Dandeny Muñoz Mosquera, also known as "La Quica", was purported to be the chief assassin for the Medellín Cartel of Colombia.
See also: ADX Florence
He was responsible for the deaths of an unknown number of people although estimates range in the hundreds, supposedly murdering members of the Medellín Cartel, members of the rival Cali Cartel, police officers and government officials. Among his crimes is the 1989 bombing of Avianca Flight 203, which killed 110 civilians, for which he is serving ten life sentences plus 45 years in the Federal ADX Supermax prison in Florence, Colorado, although there has never been any solid evidence connecting him to this crime. The media in Colombia blamed this incident on Pablo Escobar and his associates as he was allegedly responsible for nearly all of the major attacks in the drug war, as the result of being a public enemy in America, who was pressuring Colombia to fight the drug trade.
In 1991, Muñoz Mosquera was arrested in Queens, New York for traveling with a fake passport. He was convicted and sentenced to six years in jail. While he was in jail, federal prosecutors claimed that he was a major player in the Medellín Cartel and the bombing of Avianca Flight 203. Muñoz Mosquera was charged with “conspiracy to import and distribute cocaine, substantive importation of cocaine, participating and conspiring to participate in a racketeering enterprise, engaging in a continuing criminal enterprise, various offenses relating to the bombing of a civilian airliner and the extraterritorial murder of two citizens of the United States." His first trial was declared a mistrial. In his second trial, he was convicted on all counts. He is currently serving his sentence of 10 life sentences plus 45 years, all to be served consecutively, at ADX Florence, the Federal ADX (supermax) prison.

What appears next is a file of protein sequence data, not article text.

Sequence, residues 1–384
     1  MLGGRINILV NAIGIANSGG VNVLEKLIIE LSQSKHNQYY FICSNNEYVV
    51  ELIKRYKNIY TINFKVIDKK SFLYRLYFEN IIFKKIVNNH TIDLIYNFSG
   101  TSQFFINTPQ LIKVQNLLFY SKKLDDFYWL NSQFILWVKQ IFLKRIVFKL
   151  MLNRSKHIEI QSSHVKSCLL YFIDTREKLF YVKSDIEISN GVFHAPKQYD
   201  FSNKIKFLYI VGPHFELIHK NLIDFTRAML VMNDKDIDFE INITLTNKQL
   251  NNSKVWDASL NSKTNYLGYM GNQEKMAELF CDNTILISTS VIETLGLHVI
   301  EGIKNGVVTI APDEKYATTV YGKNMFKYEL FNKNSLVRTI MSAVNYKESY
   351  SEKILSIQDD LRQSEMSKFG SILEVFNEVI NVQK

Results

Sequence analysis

While Mr. Mosquera was convicted of the Avianca bombing, his involvement in the bombing was questioned by Colombian attorney general Gustavo de Greiff, who sent a letter to Judge Sterling Johnson before the final trial, stating: "I felt necessary to inform you...with the intention to avoid the miscarriage of justice in the case you have in your hands. We have no evidence linking Mr. Muñoz Mosquera to that attack." De Greiff was accused by United States officials of being involved financially in the cocaine trade.
The Colombian government initially suspected Gonzalo Rodríguez Gacha a.k.a. 'The Mexican'. Carlos Maria Alzate has also been blamed for the bombing and had confessed to the crime before Mosquera was put on trial. Many witnesses testified in court about Mosquera's brutal acts as a high-ranking member of the Medellin cartel. Many of those witnesses were convicted felons with links to the Medellín and Cali Cartels. Mosquera claims that he did not recognize the prosecution's witnesses, and his defense hinged on the insistence that he was a small-time thief and not even a sicario, let alone Escabar's chief assassin. He did not deny that his brother Brance, known as 'Tyson', later shot dead by Colombian forces, was involved in the Cartel (some have claimed him to have been the Medellín 'Chief of Security').